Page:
COLDS vs. ALLERGIES
Since both the common cold virus and allergies can linger year-round, flare-up regularly during certain times of the year, and share similar symptoms, it can be hard to know exactly what’s happening when the sniffling starts.
A cold is commonly caused by a virus. You can get a cold from another person that has that virus, even though you may be in good health. This happens when you breathe in germs or come in direct contact with the infected person.
To prevent yourself from getting a cold, frequently wash your hands, use a disinfectant on any contaminated surfaces and be careful when sneezing and coughing around others.
The best course of action for curing a cold is to let it run its course. Get adequate rest, drink lots of fluids, and eat nutritiously. Over-the-counter medications, like an oral decongestant or a nasal saline, will help to alleviate the symptoms, but they will not cure your cold – only time can do that.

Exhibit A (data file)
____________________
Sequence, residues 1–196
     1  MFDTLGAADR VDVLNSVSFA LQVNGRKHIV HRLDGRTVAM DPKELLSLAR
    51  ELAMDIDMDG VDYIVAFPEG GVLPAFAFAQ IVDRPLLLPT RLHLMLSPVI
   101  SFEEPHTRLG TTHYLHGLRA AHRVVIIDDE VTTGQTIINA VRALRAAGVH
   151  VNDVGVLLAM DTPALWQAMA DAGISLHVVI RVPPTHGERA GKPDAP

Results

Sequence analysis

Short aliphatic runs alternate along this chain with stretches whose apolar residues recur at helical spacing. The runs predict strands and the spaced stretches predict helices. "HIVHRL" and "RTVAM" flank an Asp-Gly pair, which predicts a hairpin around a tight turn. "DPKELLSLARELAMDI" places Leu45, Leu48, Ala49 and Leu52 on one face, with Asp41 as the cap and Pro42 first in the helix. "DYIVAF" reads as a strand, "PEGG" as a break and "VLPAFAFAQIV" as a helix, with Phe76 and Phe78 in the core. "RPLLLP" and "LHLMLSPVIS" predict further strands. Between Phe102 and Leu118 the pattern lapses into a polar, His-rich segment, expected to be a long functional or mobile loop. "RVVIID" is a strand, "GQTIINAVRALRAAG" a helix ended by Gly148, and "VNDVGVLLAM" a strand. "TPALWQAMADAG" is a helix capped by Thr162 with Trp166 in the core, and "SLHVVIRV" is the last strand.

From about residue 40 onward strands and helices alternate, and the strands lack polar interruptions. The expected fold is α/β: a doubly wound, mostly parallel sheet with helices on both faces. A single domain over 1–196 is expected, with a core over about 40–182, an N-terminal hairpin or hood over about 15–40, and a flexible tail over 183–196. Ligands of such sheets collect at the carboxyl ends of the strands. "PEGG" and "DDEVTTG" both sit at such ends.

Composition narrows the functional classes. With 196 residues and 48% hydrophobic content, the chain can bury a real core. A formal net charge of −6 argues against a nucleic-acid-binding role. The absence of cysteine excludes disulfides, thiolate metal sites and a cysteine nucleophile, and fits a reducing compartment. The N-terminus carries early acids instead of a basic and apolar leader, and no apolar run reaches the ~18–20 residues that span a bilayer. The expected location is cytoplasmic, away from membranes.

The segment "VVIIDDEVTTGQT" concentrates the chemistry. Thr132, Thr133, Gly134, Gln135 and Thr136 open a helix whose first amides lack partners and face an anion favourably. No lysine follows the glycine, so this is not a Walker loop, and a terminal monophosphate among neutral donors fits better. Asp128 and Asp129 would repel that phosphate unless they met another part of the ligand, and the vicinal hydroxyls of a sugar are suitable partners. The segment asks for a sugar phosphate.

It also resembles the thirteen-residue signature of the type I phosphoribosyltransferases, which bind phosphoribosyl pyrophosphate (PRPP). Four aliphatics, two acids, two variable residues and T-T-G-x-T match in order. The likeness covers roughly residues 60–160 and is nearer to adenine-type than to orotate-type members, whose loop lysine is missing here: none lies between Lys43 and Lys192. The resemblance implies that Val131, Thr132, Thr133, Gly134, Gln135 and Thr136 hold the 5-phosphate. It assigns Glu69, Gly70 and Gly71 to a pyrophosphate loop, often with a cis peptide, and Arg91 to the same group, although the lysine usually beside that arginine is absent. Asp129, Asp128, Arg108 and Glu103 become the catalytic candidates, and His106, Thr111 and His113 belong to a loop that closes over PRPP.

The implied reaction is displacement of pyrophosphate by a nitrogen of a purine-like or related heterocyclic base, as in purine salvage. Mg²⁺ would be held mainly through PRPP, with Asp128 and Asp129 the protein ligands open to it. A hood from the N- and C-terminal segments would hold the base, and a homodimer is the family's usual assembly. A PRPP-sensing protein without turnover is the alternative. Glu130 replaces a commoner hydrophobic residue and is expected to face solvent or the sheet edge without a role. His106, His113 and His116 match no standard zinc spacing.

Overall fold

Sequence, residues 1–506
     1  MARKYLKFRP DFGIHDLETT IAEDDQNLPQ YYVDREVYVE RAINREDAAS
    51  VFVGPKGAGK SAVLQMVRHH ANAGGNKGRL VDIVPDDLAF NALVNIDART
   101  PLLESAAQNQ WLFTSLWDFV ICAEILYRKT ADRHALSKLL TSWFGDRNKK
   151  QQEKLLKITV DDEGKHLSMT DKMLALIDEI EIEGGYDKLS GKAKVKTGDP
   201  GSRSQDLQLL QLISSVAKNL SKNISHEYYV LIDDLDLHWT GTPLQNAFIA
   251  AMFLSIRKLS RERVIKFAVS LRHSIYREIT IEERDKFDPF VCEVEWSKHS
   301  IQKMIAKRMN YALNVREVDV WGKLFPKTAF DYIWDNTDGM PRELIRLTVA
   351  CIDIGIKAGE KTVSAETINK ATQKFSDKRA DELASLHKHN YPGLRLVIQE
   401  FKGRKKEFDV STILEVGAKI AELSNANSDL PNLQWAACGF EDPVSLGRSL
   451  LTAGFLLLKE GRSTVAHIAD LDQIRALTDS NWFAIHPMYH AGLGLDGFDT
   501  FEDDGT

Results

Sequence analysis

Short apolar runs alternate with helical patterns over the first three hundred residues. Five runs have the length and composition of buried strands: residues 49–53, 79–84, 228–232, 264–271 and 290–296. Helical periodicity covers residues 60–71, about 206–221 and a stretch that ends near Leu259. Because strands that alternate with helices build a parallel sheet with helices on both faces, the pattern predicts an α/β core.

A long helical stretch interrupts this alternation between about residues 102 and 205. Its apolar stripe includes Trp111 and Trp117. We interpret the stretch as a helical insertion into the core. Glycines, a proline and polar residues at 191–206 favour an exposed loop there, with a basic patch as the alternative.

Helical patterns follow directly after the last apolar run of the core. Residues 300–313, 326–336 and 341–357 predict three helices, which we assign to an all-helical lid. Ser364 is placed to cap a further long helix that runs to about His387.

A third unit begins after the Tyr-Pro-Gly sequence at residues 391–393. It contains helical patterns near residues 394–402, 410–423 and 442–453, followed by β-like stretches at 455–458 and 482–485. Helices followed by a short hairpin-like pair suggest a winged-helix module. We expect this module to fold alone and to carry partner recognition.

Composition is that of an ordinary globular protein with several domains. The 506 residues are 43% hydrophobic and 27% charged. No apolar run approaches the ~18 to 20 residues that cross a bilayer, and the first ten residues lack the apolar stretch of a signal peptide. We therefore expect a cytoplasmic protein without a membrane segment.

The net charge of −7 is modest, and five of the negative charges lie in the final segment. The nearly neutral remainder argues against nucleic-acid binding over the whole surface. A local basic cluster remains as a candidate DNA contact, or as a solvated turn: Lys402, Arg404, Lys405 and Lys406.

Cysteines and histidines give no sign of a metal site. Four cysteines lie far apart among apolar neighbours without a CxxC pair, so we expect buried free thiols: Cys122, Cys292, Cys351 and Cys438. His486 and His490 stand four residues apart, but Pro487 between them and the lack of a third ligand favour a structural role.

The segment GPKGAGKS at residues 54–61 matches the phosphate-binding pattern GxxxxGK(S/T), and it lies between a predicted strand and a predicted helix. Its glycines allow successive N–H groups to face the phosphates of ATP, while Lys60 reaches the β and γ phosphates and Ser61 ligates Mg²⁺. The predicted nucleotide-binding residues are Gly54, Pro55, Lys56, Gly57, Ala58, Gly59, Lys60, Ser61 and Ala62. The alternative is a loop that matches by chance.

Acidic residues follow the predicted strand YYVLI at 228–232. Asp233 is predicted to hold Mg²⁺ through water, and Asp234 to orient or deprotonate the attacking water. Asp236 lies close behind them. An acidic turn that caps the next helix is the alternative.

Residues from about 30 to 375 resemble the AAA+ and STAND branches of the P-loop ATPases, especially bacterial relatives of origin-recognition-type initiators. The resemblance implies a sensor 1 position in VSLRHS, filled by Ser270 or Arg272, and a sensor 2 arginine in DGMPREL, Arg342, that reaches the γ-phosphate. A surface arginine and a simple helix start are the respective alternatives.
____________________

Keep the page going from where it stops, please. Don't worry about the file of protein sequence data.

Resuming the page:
Allergies occur during an exposure to an allergen. During this exposure, the nasal cavity becomes irritated and inflamed. Although the symptoms are close to that of the common cold, allergies are not contagious.
If you have a high temperature or an achy body, it is most likely that you have a cold, as this is not caused by allergies. Common allergens include pollen, dust mites, animal dander, and mold.
There are no cures for allergies, but there are other options. Prescription or over-the-counter medications can treat allergies, as well as allergy shots, a treatment your allergist/immunologist can give you to reduce your sensitivity to the allergens.
If you are unsure of what you may be allergic too, talk to your allergist/immunologist about getting a test done that can identify them for you.
While allergies and colds share some of the same symptoms, how your symptoms feel and how common they are can be unique. Here’s a chart comparing allergy and cold symptoms and other variables to provide an overview of the similarities and differences.